Motion sickness: a cholinomimetic agent hypothesis.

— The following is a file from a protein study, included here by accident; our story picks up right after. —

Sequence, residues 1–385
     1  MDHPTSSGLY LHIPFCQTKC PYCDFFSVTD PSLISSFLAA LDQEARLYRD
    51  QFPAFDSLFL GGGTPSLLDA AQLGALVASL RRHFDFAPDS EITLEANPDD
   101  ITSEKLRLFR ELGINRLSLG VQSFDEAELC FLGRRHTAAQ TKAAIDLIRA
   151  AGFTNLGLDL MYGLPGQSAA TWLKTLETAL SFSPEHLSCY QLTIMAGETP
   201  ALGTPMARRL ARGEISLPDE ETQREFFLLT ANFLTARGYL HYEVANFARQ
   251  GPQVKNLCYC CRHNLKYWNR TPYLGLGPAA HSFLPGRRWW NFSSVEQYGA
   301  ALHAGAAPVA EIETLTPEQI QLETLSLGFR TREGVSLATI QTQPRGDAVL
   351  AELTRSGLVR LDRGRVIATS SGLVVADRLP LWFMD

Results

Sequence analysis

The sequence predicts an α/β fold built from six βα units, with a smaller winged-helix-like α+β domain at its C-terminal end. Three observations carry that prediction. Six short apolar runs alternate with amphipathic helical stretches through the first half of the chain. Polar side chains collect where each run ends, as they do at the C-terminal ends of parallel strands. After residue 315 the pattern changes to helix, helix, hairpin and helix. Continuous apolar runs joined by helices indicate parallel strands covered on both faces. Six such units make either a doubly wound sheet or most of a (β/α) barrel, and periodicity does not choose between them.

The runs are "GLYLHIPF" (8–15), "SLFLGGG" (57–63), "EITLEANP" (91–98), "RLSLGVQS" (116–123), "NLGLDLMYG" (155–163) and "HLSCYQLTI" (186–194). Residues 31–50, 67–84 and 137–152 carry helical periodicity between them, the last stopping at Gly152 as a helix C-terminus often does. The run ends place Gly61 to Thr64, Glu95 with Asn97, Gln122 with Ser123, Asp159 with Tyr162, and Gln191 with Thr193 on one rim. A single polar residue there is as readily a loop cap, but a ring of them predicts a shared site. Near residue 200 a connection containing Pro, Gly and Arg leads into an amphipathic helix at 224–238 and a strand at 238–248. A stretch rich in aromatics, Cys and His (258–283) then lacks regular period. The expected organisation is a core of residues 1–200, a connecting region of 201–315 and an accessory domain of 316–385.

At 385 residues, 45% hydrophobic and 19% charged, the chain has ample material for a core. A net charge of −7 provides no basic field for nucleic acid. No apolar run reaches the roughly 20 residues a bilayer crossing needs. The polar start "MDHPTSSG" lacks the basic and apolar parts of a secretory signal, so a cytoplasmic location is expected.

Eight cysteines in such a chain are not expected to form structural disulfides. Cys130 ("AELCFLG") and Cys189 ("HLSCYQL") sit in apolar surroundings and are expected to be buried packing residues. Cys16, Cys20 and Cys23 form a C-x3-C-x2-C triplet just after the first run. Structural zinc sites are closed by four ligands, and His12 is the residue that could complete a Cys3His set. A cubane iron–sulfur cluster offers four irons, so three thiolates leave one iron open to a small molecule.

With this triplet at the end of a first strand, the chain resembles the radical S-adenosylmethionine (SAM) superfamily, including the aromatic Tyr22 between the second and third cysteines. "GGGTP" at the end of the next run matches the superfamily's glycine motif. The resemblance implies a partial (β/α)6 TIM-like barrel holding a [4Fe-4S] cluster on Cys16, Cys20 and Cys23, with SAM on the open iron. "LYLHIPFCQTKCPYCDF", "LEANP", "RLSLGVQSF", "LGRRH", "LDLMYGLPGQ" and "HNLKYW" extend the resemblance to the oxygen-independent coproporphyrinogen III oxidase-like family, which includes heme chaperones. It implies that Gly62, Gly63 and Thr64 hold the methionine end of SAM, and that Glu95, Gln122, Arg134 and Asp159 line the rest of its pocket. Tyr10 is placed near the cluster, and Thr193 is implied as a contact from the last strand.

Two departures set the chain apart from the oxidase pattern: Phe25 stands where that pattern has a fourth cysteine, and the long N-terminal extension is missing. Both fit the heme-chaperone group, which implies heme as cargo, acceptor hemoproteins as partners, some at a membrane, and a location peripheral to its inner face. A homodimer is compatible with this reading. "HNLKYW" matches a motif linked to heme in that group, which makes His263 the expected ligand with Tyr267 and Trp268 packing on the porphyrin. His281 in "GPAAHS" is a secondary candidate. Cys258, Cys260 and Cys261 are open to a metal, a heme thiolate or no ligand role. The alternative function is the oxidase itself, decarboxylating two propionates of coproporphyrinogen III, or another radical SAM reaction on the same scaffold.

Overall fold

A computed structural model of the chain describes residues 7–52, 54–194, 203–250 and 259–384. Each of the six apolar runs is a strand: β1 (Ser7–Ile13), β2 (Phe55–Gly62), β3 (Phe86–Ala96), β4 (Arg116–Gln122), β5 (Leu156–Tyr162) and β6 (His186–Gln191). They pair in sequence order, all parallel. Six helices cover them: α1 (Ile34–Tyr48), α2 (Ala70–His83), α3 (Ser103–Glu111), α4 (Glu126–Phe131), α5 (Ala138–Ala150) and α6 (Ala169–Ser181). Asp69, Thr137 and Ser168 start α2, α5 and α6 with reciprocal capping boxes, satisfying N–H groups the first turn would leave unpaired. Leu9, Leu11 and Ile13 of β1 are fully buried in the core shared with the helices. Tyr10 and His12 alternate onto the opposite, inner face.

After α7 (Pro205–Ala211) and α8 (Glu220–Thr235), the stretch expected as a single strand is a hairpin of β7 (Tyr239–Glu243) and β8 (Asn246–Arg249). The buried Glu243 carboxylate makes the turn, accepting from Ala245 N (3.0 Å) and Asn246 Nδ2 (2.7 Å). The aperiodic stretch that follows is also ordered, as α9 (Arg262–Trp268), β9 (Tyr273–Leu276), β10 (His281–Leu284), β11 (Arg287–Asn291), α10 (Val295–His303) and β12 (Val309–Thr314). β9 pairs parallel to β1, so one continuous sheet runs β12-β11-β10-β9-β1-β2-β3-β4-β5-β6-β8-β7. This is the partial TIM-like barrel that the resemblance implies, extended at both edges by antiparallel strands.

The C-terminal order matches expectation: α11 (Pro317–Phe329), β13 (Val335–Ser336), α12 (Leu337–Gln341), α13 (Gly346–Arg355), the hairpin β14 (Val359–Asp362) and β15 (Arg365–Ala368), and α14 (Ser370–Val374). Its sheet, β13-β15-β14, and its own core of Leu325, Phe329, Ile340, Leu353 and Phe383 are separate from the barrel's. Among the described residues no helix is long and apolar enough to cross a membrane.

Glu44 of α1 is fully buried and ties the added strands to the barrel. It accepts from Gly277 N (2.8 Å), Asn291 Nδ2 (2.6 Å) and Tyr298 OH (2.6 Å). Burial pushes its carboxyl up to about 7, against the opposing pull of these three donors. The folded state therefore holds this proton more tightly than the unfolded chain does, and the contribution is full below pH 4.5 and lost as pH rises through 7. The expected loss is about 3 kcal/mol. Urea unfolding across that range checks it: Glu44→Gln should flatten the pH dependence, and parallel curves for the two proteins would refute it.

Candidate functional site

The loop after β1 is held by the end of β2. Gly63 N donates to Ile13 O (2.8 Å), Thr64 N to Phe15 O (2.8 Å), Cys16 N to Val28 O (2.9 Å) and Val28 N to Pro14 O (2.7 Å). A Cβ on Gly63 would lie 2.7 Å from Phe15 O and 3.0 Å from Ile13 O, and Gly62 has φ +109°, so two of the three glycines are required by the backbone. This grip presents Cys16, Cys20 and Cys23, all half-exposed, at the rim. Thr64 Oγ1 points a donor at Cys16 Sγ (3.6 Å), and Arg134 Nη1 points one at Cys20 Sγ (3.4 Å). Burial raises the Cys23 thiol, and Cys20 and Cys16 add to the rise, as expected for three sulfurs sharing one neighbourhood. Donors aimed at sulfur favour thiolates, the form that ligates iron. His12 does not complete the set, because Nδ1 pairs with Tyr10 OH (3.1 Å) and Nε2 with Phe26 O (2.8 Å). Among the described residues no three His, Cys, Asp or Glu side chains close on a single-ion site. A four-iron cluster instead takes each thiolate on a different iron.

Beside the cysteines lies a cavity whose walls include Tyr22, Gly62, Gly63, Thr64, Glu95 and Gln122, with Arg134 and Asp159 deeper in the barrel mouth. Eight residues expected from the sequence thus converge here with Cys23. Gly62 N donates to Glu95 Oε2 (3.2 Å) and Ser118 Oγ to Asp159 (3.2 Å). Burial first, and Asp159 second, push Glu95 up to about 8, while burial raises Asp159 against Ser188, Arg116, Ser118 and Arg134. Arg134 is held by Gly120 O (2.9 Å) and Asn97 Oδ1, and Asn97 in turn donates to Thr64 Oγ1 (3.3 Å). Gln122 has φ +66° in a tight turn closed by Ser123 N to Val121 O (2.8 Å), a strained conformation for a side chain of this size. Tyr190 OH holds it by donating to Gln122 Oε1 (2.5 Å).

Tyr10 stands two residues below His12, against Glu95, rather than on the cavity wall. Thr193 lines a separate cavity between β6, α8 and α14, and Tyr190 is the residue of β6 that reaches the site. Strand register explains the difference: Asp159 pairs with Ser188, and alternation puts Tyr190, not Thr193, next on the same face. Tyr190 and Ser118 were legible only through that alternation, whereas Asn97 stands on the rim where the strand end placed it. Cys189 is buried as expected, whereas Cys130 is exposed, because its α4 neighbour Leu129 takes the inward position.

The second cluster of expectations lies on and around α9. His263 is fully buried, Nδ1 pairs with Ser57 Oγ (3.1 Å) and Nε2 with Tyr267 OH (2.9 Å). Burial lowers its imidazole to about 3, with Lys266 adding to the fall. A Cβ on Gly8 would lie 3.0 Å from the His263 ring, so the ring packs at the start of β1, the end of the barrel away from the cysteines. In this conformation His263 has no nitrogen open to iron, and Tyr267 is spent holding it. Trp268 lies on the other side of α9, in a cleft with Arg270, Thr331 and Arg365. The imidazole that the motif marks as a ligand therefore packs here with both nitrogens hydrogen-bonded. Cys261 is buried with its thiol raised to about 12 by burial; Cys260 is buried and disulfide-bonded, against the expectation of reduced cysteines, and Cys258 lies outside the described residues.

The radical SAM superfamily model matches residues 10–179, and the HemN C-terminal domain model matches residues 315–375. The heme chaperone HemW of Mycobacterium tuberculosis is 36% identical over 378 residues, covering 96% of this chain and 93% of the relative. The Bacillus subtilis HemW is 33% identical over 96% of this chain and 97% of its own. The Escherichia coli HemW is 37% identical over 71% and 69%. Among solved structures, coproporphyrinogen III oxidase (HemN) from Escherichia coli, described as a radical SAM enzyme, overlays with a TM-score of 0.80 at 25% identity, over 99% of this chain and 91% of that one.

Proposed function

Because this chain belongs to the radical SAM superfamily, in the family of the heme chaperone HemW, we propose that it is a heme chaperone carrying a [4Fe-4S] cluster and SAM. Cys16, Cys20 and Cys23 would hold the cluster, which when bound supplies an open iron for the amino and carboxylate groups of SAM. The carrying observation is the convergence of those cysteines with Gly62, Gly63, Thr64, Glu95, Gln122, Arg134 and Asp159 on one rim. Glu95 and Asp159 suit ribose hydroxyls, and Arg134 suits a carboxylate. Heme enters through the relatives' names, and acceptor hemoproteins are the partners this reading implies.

ABSTRACT Motion sickness has been defined as a set of physiological signs and symptoms produced as a result of prolonged sensory conflict in central nervous system vestibular centers. It has long been noted that the particular pattern of motion sickness signs and symptoms does not fit the conventional "fight or flight vs. rest and digest" autonomic synergy. We argue that most of the progression of symptoms is consistent with a new etiologic hypothesis: that an as-yet-unidentified ganglionic cholinomimetic agent is slowly released in proportion to sensory conflict. The agent accumulates systemically and stimulates the peripheral sympathetic and parasympathetic ganglia, the adrenal medulla, and potentiates the response of central cholinergic emetic pathways to the same conflict stimulus. The predominant effects of ganglionic stimulation on each autonomic organ, determined by resting tone, are selectively enhanced or inhibited by adrenal catecholamine release, producing the atypical pattern of autonomic changes seen in motion sickness. The adrenergic response may eventually also counter the central emetic drive. The hypothesis could be experimentally pursued via human and animal experiments employing a nicotinic antagonist that has both central and peripheral ganglionic actions such as mecamylamine.